Roof survey on period house(7 Posts)
We are (hopefully) buying a 100 year old house, almost ready to exchange. The survey recommended we have someone look at the roof, which we did.
He has told us that the roof is fine at the moment, but any repairs needed will be expensive (it's a very tall house so would need scaffolding for any repairs) and we would probably need to replace it in 10 years or so. He was suggesting we would be better getting a new roof (for say £25k!) than spending a few thousand every time a repair is needed, as this would obviously start to add up.
This is not going to put us off buying the house, but I don't know whether we should negotiate with our vendor or not? The survey supported the value we have agreed for the house. It's pretty obvious that it's the original roof, and we are fully aware that there will be maintenance with an old house, and there are no actual problems with it at the moment (no damp, no leaks). And the roof has lasted 100 years so far! But we stretched to buy the house and want to do other work on it, spending £25k on a new roof would scupper our medium term renovation plans.
Would we be reasonable to negotiate some money off for the fact we will probably eventually need to do the roof? Or is this something that should be obvious from the age of house and is therefore effectively included in the price?
We are hoping to sign papers next week and we need to move in early Jan so I don't want to risk delaying the sale
You are buying an old house, and as you recognise, there will be "issues" and to my mind, this has probably been factored in to the price (especially as the survey supported the value). The price they expect to get from you has no doubt entirely supported their own onward purchase so to be down by several thousand could scupper their own purchase. If I were your seller, I'd be really unimpressed to be hit with this at this late stage TBH!!
The report will be erring on the side of caution, so replacement in ten years = him protecting himself against a future complaint if it needed replacing sooner, so no doubt it will in fact last longer than that.
I don't think you can legitimately reduce the price based on something that doesn't currently require repair. I mean you could give it a go, but as a vendor I would be pissed off and if the market was decent I'd tell you to shove it.
It rather depends whether you're prepared to take that risk?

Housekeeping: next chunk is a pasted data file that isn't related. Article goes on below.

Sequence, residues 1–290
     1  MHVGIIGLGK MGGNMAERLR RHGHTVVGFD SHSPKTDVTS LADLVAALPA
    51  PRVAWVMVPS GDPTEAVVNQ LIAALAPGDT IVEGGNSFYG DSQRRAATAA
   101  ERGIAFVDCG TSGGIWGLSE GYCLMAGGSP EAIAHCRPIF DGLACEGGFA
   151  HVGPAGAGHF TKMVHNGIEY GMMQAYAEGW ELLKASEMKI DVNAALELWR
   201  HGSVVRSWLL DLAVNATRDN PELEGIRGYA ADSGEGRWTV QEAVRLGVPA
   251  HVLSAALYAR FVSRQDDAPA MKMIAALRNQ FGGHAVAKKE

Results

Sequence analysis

4 years ago we replaced the whole roof on our 100 year old 3 story house. Including bringing roof insulation up to modern standards which you have to do if replacing more than a third (I think) of the roof. We have two dormers up there and a couple of odd little aspects. It came in at 12,000 but that didn't include the scaffolding. Hth.
Seriously, you think the vendors should be knocking money off the asking price for something that will probably need replacing in 10 years?! I'd tell you to take a running jump to be quite honest.
I don't think there is any remote possibility that the vendor will reduce the price a week away from exchange. Worst case scenario they pull the plug thinking you're playing a game and you lose the house. Even if they don't, chances are you'll scupper any goodwill there might have been between you and the seller (e.g. sorting out instruction manuals, cleaning the house properly before they go, etc etc).
Thanks all. You have confirmed what I was thinking anyway. I tend to err on the side of negotiate nothing and keep everyone happy, just wanted to check I wasn't being naive or silly on this one! And I think my dh would be tempted to try and negotiate....
We will crack on with the exchange and hope the roof lasts another 100 years
The future liability of any repairs in an old house is with the owner. I'd be very unimpressed if you were buying off me and tried to negotiate a reduction on future work. You've had a builder around as well, and not an additional roof survey. It's in their interests to say a replacement as they can make money from you, so I'd be very wary as a seller on this point as well.
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